Gordon Elliott was born on 2 March 1978 (43 years old). He is a National Hunt racehorse trainer based out of County Meath.
After his tenure as an amateur jockey, he earned his trainers license in 2006.
His first Grand National entry, the 33 to 1 outsider Silver Birch, won the race in 2007 when Elliot was just 29 years old.
He won the Grand National with Tiger Roll in 2018 and 2019. The horse was owned by Gigginstown House Stud and was ridden by Davy Russell.
This was the first horse, apart from Red Rum, to win the race twice.
He was also able to win the Irish Grand National, with General Principle back in 2018.
Elliot was also termed the top trainer at the Cheltenham Festival in 2017 and 2018.
In March 2021, he was involved in a controversy when a photograph of him surfaced sitting on a dead horse on his gallops in 2019.
As a result, the Irish Horseracing Regulatory Board imposed a twelve-month ban on Elliot and he was even suspended for six months.
Elliott’s family had very little racing experience. As a result, he is oftentimes described as Irish racing’s great “blow-in”.
He was the son of a panel-beater and was raised in Summerhill, County Meath.
His entry into the world of racing began when he was thirteen years old. He spent time working with trainer Tony Martin during his weekends and holidays.
Elliott got a license as an amateur jockey when he was sixteen years old and rode on the racecourse and in point-to-points.
Caitriona’s Choice was the first racecourse where he got his first win in a bumper at Ballinrobe.
During his career, he rode 200 point-to-point winners and 46 winners on the racecourse.
His highlighting win was in the Punchestown Champion Bumper riding Nigel Twiston-Davies’-trained King’s Road in 1998.
He also earned five winners in the U.S.A.
During his riding career, he was mainly based with Tony Martin. However, he spent a year with trainer Martin Pipe in England.
After an injury, he retired from his jockey career in 2005.
Elliott had his first winner at Perth on 11 June 2006 after taking out his trainer’s license back in 2006.
He went on to become the youngest trainer ever to claim victory at the Grand National on 14 April 2007.
The winner, Silver Birch, was ridden by Robbie Power and belonged to Brian Walsh of County Kildare.
Even after having won the Grand National, Elliott was yet to train a winner back in Ireland. His first winner in Ireland was Toran Road at Kilbeggan on 5 May 2007.
Elliot is best known for his victories over jumps but managed a major win on the flat. This was back in August 2010 when Dirar won the Ebor Handicap at York Racecourse.
Additionally, he has also claimed wins at Royal Ascot. This was with Commissioned winning Queen Alexandra Stakes in 2016 and Pallasator claiming victory in the same race back in 2018.
Elliott purchased the 78-acre Cullentra House Farm at Longwood, County Meath back in 2011. Here, he built a training facility that housed over 200 horses, gallops, schooling grounds, and an equine pool.
His first winner as a trainer, Chicago Grey, was at the Cheltenham Festival during the National Hunt Chase Challenge Cup back in 2011.
He also won the 2016 Cheltenham Gold Cup along with Don Cossack. In 2017 and 2018, he was declared the top trainer at the Cheltenham Festival.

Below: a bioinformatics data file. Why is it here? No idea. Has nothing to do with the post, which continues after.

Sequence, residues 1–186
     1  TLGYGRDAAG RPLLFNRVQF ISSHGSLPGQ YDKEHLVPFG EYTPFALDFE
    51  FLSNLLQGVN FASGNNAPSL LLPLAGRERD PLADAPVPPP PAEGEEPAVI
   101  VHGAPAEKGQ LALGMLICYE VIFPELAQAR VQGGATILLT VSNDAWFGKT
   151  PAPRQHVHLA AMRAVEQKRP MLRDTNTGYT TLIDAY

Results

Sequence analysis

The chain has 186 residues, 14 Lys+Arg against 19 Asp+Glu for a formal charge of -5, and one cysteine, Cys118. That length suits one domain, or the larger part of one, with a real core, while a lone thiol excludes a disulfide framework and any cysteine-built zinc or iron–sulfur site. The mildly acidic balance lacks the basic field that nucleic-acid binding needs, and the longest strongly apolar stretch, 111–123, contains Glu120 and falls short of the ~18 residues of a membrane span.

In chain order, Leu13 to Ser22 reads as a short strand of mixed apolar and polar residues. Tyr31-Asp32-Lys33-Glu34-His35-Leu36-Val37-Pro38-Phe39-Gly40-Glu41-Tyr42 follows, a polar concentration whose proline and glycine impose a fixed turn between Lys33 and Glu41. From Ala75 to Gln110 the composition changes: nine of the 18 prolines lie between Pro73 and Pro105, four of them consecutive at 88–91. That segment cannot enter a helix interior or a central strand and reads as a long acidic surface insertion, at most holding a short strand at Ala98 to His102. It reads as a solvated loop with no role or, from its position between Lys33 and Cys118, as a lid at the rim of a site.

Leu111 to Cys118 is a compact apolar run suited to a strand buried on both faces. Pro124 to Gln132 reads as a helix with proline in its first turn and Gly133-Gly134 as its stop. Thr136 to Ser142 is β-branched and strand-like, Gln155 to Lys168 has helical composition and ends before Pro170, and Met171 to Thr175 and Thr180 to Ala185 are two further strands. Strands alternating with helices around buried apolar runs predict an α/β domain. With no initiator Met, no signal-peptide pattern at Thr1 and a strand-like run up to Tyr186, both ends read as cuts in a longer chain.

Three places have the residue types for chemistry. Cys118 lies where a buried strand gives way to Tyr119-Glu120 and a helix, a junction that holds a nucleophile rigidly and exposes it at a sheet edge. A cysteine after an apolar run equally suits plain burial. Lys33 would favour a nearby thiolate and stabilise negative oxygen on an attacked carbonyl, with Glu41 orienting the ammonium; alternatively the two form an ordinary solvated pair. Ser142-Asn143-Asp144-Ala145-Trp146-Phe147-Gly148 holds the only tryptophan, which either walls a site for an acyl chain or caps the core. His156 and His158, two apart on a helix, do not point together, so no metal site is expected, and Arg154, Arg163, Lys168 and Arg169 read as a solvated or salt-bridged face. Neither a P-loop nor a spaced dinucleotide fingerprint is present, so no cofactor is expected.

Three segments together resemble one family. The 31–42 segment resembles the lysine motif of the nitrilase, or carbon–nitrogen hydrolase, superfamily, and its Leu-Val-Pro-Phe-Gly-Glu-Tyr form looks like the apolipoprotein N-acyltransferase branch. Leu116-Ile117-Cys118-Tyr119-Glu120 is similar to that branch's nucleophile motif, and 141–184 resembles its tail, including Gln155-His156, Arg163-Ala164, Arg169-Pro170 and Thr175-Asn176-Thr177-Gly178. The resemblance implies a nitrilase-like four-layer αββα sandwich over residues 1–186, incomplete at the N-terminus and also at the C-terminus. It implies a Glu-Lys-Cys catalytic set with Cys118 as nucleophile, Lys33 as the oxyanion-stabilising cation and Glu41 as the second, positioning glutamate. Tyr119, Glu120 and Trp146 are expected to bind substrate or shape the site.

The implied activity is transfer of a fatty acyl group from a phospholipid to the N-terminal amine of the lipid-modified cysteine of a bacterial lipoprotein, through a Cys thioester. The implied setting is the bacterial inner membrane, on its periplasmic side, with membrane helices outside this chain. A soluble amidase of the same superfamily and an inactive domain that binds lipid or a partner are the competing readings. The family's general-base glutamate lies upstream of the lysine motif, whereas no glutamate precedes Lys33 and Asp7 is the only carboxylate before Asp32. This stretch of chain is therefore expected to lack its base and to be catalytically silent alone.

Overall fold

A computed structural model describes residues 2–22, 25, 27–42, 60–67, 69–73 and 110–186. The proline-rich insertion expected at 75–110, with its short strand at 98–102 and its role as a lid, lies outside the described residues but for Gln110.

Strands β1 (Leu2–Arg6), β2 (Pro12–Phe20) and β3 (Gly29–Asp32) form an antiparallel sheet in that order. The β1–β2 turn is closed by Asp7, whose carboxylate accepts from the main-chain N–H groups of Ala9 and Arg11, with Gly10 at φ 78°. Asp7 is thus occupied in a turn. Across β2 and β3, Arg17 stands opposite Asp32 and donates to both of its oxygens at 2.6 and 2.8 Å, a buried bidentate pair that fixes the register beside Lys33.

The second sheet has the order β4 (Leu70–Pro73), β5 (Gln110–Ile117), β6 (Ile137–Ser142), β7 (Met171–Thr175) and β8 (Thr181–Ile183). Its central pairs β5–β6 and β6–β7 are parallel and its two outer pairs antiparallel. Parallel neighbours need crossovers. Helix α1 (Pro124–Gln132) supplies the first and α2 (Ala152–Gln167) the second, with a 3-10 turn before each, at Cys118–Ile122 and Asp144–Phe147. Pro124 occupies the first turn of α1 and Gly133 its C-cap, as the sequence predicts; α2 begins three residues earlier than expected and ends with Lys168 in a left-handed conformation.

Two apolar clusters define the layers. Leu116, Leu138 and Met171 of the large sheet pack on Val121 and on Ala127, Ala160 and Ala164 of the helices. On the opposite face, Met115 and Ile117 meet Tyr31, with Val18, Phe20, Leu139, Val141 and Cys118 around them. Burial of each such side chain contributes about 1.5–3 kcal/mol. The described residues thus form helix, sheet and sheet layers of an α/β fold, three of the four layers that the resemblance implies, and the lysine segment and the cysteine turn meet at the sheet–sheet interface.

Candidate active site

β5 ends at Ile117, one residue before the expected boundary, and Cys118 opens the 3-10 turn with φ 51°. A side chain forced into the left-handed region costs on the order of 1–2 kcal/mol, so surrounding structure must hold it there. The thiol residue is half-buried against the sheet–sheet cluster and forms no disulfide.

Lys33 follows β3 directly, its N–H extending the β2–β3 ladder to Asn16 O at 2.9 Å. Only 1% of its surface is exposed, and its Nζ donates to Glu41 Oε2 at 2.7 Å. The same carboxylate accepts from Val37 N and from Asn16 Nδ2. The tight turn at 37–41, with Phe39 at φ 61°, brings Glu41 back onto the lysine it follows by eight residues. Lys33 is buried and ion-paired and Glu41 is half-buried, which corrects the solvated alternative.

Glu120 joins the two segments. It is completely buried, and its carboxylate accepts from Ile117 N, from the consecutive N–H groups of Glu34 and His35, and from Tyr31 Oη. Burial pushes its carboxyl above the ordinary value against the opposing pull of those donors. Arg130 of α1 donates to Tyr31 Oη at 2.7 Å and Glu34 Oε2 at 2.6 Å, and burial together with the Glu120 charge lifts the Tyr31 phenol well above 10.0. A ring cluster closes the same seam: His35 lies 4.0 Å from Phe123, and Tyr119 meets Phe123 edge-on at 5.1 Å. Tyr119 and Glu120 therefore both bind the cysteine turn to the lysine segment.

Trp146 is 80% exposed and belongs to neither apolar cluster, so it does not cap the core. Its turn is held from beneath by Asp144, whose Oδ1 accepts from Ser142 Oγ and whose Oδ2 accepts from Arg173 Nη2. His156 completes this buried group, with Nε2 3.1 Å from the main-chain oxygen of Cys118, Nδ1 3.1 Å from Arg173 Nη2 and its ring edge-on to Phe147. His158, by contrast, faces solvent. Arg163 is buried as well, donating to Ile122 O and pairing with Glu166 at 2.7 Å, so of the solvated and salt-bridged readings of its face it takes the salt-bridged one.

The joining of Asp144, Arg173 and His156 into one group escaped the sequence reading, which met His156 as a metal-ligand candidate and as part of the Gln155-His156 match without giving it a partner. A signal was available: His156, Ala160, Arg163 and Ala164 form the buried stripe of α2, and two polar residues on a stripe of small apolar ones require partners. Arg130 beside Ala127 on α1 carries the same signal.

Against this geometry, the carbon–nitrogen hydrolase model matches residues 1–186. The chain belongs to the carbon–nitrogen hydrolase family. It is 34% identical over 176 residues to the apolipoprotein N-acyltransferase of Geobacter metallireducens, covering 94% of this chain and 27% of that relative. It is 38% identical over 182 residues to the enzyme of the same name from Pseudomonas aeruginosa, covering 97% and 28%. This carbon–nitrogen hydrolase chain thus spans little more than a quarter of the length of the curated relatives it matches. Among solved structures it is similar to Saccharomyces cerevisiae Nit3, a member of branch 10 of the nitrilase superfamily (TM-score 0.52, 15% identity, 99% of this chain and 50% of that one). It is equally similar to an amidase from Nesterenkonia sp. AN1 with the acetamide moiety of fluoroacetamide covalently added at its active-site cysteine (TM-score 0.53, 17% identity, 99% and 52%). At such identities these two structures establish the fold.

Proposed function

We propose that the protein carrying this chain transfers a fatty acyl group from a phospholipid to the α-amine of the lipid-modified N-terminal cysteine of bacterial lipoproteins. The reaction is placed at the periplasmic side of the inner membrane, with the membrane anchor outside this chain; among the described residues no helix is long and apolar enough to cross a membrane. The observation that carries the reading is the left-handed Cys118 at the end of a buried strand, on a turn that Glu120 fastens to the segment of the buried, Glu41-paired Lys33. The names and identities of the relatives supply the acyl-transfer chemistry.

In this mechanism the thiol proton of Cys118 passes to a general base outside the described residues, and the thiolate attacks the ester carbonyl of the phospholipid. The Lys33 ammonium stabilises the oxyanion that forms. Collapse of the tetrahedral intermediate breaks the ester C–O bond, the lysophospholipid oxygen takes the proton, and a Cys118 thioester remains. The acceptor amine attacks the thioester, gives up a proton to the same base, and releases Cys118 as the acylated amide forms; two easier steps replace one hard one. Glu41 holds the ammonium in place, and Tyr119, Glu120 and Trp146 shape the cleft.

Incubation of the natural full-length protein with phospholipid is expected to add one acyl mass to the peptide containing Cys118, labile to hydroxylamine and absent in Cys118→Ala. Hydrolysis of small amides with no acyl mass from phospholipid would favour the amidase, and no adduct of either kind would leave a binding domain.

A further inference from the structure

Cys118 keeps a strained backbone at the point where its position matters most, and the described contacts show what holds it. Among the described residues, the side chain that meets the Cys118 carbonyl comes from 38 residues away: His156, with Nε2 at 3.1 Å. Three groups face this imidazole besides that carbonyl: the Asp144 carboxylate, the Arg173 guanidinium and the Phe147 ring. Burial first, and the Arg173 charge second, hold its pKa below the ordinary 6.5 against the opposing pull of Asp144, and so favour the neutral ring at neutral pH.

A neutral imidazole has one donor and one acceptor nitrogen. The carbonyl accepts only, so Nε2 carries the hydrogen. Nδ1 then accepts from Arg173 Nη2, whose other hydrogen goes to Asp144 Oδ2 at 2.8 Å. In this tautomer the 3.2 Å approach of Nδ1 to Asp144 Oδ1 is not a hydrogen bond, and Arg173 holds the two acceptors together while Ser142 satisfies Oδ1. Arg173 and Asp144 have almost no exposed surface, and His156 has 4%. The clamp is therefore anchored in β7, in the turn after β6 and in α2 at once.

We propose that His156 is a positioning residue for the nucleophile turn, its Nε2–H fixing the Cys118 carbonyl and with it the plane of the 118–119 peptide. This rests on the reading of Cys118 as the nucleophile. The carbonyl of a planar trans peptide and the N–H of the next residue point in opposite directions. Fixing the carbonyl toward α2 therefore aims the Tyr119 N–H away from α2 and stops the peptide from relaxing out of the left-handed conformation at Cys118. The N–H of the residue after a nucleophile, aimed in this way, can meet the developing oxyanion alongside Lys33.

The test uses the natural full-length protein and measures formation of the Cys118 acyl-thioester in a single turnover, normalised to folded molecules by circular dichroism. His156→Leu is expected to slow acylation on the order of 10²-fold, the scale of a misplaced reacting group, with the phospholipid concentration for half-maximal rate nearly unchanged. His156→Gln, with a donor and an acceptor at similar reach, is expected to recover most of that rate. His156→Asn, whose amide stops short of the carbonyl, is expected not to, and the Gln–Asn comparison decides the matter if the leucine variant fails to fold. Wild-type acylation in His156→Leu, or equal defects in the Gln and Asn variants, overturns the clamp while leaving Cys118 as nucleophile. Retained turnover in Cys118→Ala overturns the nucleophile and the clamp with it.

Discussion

Elliott won the Irish Grand National with General Principle, which was ridden by JJ Slevin on 2 April 2018.
The same year he also claimed victory at the Aintree Grand National with his horse Tiger Roll which was ridden by Davy Russell. It was owned by Michael O’Leary’s Gigginstown House Stud.
This was after a close race beating the Willie Mullins runner Pleasant Company.
Elliott was also responsible for training the third-place horse Bless The Wings.
He won the Aintree Grand National again in 2019 with Tiger Roll. This was the only sixth repeat winner in the race’s history.
Elliott was in a relationship with point-to-point rider Annie Bowles whom he got engaged to. He set up the Cullentra House Stables with Bowles.
However, the couple separated later and Bowels went on to marry Ballarat trainer Archie Alexander.
On 28 February 2021, the Irish Horseracing Regulatory Board (IHRB) began an investigation into a photograph that had surfaced online.
The image showed Elliot sitting on a dead horse and making the peace sign.
Elliott went on to confirm that the photograph was authentic, issued a public apology, and revealed that he will be cooperating in the investigation.
The photograph was condemned by animal rights organization PETA and the British Horseracing Authority.
The British Horseracing Authority went on to ban Elliot from racing horses in Britain while the investigation in Ireland took place.
The investigation revealed that the photo was taken back in 2019. The horse, Morgan, was owned by Gigginstown House Stud and had died while being ridden on the gallops.
Minister of State for Sport Jack Chambers stated that Elliot must be held responsible for his actions. He also stated that the photograph showed “a complete and profound error of judgment”.
Chambers told the press that he was “shocked, appalled and horrified” by the photograph and that it was disturbing when considering animal welfare.
On 5 March 2021 the IHRB, during a hearing, banned Elliott from racing for twelve months and suspended him for six months.
This left him unable to train, attend a race meeting, or point-to-point till September.
Additionally, he was asked to pay a fine of €15,000, which Elliot accepted.
Just a few days later, the stable employee who clicked the image was banned for nine months and suspended for seven.
We will update the information about Elliot’s height and weight when available.
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